Participation of national human rights institutions at UN will close implementation gap on the ground


National human rights institutions should soon be able to participate alongside States in the work of the United Nations following the passage of an important resolution at the UN in New York today.

(New York) - National human rights institutions should soon be able to participate alongside States in the work of the United Nations following the passage of an important resolution at the UN in New York today.

National human rights institutions (NHRIs) are independent institutions established to monitor, promote and protect human rights at the national level and to ensure that State law, policy and practice complies with international human rights law. 

In adopting a resolution on NHRIs by consensus, the Third Committee of the UN General Assembly, responsible for human rights and humanitarian affairs, has spoken as one for the first time to encourage UN mechanisms and processes to facilitate and enhance the participation of A-status NHRIs in their work.

Introducing the draft resolution, the Permanent Representative of Germany to the UN, Ambassador Harald Braun noted that the resolution shifts the discussion on participation of NHRIs in the UN ‘from ‘if’ to ‘how’’.

The resolution was developed and adopted in line with recommendations set out in a major report prepared by ISHR in June which were then reflected in a subsequent report prepared by the UN Secretary-General in October 2015.

Closing the implementation gap between international human rights and national realities

This year’s resolution garnered more co-sponsors than ever before – 90 States in total – evidence of the degree of support for NHRIs and the potential of their role in the UN. During the adoption several States spoke in support of the resolution, with the UK noting the importance of ‘strong and independent NHRIs’ and Australia noting the ‘valuable expertise’ that NHRIs bring to multilateral discussions. Australia emphasised that how enhanced engagement by NHRIs with the UN can strengthen implementation of international human rights law at the national level. Many other States also supported the resolution, with Russia noting that it expected NHRIs to ‘contribute significantly to the work of the UN in accordance with their mandate.’

‘This resolution is a significant step forward in terms of closing the gap between international human rights standards and their national implementation,’ said ISHR’s Eleanor Openshaw.

‘NHRIs are uniquely well placed to provide information and advice to the UN about human rights situations on the ground, and to then work with civil society and States to implement UN recommendations to improve such situations. We thank Germany for leading the development and negotiation of this resolution, and in pushing so many States to acknowledge and take steps towards greater participation of NHRIs in the UN,’ Ms Openshaw said.

Human Rights Council provides 'model' for UN-wide participation of NHRIs

A-status NHRIs – those meeting the standards of independence and effectiveness set by the so-called 'Paris Principles' – are required to cooperate with the UN. Enhancing participation will be a means to facilitate and maximise the value of that cooperation. The participation of NHRIs in the UN is currently most advanced at the Human Rights Council in Geneva, where A-status NHRIs can submit written statements and also make oral statements while the Council is in session. The unique status of NHRIs – locating them between States and NGOs, as State-instituted but independent bodies - is reflected in the order in which A-status NHRIs intervene in Council debates.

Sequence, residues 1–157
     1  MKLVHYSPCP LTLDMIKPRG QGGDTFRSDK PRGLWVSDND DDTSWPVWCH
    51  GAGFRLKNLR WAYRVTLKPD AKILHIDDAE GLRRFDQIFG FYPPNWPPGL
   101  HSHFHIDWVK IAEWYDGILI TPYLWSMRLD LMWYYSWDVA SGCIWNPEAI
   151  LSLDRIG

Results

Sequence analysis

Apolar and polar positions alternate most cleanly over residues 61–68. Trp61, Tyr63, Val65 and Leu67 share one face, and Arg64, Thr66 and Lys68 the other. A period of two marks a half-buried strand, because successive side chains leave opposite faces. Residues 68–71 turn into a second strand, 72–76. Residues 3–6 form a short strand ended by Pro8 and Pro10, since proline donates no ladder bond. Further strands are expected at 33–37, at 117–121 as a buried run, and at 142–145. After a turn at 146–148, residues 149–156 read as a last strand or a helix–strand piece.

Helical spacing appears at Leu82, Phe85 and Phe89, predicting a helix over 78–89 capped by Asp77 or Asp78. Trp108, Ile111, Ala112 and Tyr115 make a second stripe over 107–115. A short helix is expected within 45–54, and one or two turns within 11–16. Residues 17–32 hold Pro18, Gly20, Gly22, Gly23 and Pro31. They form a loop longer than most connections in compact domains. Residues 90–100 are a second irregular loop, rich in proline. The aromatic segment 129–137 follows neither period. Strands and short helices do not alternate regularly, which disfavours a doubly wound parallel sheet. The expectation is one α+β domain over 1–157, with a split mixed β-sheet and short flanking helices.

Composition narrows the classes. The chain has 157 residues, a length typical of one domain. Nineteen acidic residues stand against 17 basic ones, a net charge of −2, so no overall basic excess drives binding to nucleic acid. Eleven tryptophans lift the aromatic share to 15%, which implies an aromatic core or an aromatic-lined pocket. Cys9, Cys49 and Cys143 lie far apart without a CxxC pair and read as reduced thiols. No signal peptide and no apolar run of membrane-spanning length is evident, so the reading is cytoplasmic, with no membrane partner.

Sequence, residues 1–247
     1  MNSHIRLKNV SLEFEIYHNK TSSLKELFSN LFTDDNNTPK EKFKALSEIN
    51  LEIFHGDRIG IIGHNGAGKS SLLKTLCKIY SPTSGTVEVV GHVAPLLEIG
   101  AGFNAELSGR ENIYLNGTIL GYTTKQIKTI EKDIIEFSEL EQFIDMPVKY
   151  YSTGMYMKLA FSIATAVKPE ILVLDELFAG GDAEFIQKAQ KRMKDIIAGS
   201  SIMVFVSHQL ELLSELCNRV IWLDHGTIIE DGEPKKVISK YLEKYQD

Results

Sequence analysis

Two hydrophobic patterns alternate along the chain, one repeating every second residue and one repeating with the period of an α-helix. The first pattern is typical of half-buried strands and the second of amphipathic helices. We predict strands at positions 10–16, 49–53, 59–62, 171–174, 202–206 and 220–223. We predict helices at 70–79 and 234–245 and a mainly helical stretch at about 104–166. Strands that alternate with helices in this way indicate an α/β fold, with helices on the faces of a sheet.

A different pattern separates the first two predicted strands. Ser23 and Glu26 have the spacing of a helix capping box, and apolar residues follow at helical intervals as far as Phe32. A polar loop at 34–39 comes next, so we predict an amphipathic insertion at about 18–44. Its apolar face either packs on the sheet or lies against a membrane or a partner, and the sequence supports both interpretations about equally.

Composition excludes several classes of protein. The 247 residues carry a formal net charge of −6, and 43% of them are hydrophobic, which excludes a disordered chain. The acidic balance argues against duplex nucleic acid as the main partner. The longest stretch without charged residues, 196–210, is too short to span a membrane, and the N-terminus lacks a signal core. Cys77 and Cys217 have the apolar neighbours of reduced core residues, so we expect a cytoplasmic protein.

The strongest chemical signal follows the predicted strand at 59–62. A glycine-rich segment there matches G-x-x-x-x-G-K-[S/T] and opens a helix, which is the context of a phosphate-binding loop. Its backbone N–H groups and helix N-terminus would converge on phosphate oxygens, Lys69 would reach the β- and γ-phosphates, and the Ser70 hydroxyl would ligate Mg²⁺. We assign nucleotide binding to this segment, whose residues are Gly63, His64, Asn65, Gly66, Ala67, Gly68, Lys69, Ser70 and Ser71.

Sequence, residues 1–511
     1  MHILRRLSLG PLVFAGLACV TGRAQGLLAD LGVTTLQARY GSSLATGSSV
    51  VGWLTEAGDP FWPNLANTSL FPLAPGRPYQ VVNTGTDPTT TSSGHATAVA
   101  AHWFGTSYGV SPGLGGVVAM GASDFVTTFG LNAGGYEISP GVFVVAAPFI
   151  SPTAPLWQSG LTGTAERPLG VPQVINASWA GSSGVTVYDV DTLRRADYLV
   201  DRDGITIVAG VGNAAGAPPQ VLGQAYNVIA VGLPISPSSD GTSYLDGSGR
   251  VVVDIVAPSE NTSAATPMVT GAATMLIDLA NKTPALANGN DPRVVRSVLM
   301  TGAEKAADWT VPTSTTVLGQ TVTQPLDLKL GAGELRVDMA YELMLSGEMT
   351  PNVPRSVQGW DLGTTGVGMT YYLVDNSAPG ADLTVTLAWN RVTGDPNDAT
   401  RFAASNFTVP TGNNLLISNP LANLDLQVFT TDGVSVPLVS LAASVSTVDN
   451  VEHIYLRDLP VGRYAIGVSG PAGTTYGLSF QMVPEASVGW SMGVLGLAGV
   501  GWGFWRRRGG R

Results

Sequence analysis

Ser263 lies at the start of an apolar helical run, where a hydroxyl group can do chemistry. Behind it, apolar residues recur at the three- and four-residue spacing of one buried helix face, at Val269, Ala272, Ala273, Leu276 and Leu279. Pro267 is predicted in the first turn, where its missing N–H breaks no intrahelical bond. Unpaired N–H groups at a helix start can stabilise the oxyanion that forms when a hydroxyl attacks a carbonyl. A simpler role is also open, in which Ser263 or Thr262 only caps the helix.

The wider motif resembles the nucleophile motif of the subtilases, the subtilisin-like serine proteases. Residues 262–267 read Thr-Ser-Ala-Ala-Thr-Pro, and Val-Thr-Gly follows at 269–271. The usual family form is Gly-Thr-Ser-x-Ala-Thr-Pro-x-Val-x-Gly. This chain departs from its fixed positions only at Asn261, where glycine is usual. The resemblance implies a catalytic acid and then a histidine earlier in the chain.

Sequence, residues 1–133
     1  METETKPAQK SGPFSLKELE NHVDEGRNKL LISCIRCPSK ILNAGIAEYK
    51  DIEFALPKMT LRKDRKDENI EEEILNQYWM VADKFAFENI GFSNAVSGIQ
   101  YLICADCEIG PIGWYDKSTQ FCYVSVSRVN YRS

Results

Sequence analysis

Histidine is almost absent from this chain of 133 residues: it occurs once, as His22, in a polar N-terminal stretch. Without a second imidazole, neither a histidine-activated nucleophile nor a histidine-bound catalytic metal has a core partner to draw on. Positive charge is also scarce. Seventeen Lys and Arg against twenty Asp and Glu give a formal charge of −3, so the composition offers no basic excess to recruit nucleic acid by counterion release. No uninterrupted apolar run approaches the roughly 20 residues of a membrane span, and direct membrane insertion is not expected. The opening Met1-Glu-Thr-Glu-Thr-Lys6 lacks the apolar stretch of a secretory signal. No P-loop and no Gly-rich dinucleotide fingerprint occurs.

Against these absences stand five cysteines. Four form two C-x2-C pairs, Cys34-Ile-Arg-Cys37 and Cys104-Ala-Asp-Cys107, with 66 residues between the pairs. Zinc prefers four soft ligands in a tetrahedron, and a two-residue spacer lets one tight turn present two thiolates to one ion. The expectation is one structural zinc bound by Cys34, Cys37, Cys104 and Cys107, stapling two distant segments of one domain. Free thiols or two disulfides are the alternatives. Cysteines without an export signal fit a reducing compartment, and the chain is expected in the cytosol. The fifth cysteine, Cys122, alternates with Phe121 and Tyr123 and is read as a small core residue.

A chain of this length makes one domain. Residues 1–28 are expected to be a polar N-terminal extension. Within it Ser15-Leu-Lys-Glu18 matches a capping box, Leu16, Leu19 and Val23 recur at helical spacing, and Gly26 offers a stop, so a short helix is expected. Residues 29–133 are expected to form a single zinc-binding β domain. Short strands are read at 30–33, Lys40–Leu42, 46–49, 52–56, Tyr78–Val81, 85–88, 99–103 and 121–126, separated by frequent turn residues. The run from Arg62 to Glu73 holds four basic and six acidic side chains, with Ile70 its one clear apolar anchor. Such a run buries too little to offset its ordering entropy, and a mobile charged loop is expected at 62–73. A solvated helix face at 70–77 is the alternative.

During the adoption of the Third Committee resolution, Australia noted that ‘we continue to look at the Human Rights Council as a model of best practice’ and noted that this practice should be emulated in the General Assembly, ECOSOC, treaty monitoring bodies, and other UN mechanisms.

Further steps needed to combat reprisals against NHRIs

The adopted resolution also includes an important reference to reprisals and intimidation against NHRIs and their respective members and staff, noting they should not face ‘political pressure, physical intimidation, harassment or unjustifiable budgetary limitations’. In accordance with the resolution, 'States should promptly and thoroughly investigate cases of alleged reprisal or intimidation’ against members or staff of NHRIs or individuals who cooperate or seek to cooperate with them. 

Of the 90 States co-sponsoring this year’s resolution several of the new co-sponsors have A-status NHRIs, including Ghana, Jordan and Qatar, while other new co-sponsors, such as Iraq, Senegal and Sri Lanka, have B-status NHRIs. A small handful of traditional co-sponsors did not co-sponsor this year’s text, including India, which noted that NHRIs should ‘keep their unique role in the national human rights architecture.’

‘NHRI participation now has Third Committee approval. We have every expectation the Genaral Assembly plenary will unequivocally endorse this decision and from there individual UN bodies, mechanisms and processes will take steps to ensure that NHRIs can participate in their processes,' Ms Openshaw said.

The Third Committee resolution will be considered for adoption by the General Assembly plenary in early December.

Contact: Eleanor Openshaw, ISHR Programme Manager for NGO Participation, on


  • UN General Assembly
  • Third Committee of the UN General Assembly
  • National Human Rights Institutions
  • Australia
  • Germany
  • India
  • Russia
  • United Kingdom